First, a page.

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Harry Gries
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I'm glad it worked out for the best.
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"...But as I, and so many others, have predicted, the decimation of the news media that provided third party verification of corporate messages, has forced the consuming public to rely on a new, even more uncontrollable third party verifier... their friends and colleagues..." You make it sound like this is a bad thing. As someone who represents a company, my client Xuropa, I now have the ability to publish my own message whenever I want without being held hostage by old media "unbiased" reporters who demand I buy advertising to be mentioned in the article. Or to their deadlines or their too-far-removed-from-reality opinions. If I have a good offering, my "uncontrollable" customers are much better references anyway. As someone who uses technology, I am 100x more informed as a buyer than I was before. This obviously holds for the more consumer side where I have access to any number of sources of reviews and evaluations. It also holds for the business side, where I can gather input from my online posse to help me. Social networks have been around for ages and have always been more important that PR. In the past they were limited to word of mouth. The only difference now is that the word-of-mouth can spread around the world in milliseconds and reach many more people.
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Hi JL, I also sat down with Holly and one of the developers to discuss ActiveDesign, on which I had originally been briefed at DVCon (immediately after you in the lobby of the Doubletree, as I recall). I had also had a call with Rajeev Ranjan to discuss this a few months ago. It was good to finally see what was behind this, although I have not yet viewed the online demo. My impression is that this is a cool technology looking for a worthwhile problem to solve. Although I think it can help designers to get higher quality RTL faster without the need to write a testbench or assertions, I wonder whether it will actually replace any step in a formal verification plan. It can't be used to definitively cover a requirement or prove an assertion directly, so it is more of an add-on. The only thought is that "perhaps" it could give a designer enough confidence in his block-level design so he can forego block-level simulation. They are mostly positioning this as an IP documentation tool where you can use these waveforms and properties to document intended behavior to another designer picking up the block later. In that sense it seems useful, although I'm not sure it is worth the cost (you have to invoke a license to see the waveforms). As with other Jasper technology, it also seems to require quite a bit of hand-holding to learn, which is why they deploy it with consulting. Harry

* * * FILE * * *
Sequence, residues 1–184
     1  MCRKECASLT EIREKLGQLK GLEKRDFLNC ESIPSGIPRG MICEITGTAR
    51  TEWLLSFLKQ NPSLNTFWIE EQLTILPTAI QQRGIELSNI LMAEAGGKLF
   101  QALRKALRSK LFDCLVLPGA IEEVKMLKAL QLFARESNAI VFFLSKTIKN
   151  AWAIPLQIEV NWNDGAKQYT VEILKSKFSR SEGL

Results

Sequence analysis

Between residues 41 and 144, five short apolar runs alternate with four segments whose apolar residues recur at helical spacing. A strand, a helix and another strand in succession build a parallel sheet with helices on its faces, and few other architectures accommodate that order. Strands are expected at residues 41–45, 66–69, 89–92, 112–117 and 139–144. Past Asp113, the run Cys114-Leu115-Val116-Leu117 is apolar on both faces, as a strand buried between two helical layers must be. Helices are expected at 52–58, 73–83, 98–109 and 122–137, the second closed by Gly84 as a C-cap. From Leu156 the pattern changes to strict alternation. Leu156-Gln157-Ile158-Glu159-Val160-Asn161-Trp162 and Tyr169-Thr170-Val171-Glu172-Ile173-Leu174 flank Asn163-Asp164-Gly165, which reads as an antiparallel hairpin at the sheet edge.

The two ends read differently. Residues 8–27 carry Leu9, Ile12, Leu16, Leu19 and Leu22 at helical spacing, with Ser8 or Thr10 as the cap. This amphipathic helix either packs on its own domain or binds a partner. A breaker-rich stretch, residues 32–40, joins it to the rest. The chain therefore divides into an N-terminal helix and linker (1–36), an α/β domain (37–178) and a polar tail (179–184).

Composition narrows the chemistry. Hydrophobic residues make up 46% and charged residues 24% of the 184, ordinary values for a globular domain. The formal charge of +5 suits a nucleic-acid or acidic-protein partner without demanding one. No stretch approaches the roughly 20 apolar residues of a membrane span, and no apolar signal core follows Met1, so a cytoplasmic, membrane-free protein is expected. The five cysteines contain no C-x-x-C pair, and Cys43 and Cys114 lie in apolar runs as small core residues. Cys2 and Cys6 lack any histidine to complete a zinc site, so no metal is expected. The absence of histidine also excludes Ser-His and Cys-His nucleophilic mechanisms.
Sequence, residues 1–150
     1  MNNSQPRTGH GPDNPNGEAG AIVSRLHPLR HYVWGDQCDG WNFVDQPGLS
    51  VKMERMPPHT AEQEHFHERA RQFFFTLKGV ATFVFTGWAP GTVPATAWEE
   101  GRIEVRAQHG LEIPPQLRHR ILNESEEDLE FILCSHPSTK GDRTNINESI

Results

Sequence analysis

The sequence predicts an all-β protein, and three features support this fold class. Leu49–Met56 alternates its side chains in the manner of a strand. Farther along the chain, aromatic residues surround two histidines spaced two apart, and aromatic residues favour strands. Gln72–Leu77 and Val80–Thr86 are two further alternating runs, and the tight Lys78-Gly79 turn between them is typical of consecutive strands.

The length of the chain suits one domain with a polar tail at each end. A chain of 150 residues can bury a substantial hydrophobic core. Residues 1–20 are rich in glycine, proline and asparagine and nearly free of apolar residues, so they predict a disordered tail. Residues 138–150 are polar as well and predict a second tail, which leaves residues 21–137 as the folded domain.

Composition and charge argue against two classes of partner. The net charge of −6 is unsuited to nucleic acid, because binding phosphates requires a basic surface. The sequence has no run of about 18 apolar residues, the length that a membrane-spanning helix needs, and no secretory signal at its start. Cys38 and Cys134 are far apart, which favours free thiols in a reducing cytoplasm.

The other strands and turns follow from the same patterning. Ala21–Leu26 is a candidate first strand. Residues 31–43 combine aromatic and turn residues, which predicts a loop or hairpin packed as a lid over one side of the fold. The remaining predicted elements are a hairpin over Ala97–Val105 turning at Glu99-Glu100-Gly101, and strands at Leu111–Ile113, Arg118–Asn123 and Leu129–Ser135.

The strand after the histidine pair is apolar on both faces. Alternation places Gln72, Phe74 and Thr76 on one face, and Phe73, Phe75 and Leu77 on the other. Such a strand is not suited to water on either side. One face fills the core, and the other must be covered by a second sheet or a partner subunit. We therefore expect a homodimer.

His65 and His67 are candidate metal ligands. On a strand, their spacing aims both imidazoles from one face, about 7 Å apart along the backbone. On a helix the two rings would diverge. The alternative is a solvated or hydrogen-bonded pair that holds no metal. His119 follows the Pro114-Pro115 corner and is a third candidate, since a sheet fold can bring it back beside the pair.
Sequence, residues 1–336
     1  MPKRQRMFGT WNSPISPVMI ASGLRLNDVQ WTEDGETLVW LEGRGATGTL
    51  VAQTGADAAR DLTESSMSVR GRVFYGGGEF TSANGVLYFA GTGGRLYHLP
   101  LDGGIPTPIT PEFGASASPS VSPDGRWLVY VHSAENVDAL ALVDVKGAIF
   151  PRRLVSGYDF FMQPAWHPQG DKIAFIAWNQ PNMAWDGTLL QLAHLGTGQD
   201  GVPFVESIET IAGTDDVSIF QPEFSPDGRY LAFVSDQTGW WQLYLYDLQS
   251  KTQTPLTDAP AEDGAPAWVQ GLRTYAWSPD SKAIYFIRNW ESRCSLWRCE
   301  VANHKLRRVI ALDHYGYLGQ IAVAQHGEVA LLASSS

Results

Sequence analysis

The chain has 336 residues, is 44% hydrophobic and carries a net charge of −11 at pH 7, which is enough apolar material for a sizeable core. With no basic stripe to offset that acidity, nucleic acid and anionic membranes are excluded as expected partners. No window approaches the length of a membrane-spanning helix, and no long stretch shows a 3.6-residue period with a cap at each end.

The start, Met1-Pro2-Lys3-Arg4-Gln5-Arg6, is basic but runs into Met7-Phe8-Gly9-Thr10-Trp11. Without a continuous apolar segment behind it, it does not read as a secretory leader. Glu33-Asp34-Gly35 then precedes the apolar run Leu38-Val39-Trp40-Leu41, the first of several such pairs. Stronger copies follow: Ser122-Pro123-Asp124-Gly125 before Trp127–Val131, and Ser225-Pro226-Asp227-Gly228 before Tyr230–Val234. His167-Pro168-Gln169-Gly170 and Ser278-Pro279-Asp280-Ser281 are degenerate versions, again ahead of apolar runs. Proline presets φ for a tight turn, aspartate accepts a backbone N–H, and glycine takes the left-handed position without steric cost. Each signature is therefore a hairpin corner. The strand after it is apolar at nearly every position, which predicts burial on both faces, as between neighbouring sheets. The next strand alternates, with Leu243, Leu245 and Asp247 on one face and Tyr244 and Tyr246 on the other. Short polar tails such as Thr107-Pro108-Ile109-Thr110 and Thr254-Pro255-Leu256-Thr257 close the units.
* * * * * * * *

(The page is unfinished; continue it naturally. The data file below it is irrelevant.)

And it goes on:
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It was good to meet you, Dee. Thanks for stopping by. Harry
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I have to STRONGLY take objection where you state that I am "rewriting company press releases". As an example, the article that you linked to, concerning Oasys Design was based on: 1) conversations with 3 separate people at Oasys 2) a conversation with a VC person who knows this company 3) a conversation with Steve Meier (former VP R&D at Synopsys) 4) conversations with half a dozen colleagues in EDA at various companies 5) information gleaned from digging through online resources (their website, blogs, LinkedIn profiles, old Ambit and Get2Chip websites) 6) and my 24 years of personal experience Maybe the press folks you work with are happy to just rewrite a press release, but I do my homework. Next time, get your facts straight.
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I noticed recently that IE now forwards to a Bing search if I type in a URL incorrectly whereas it used to use Yahoo or Google search. Probably other MS products are doing something similar. I'm sure they'll claim these as valid searches. What chutzpah!
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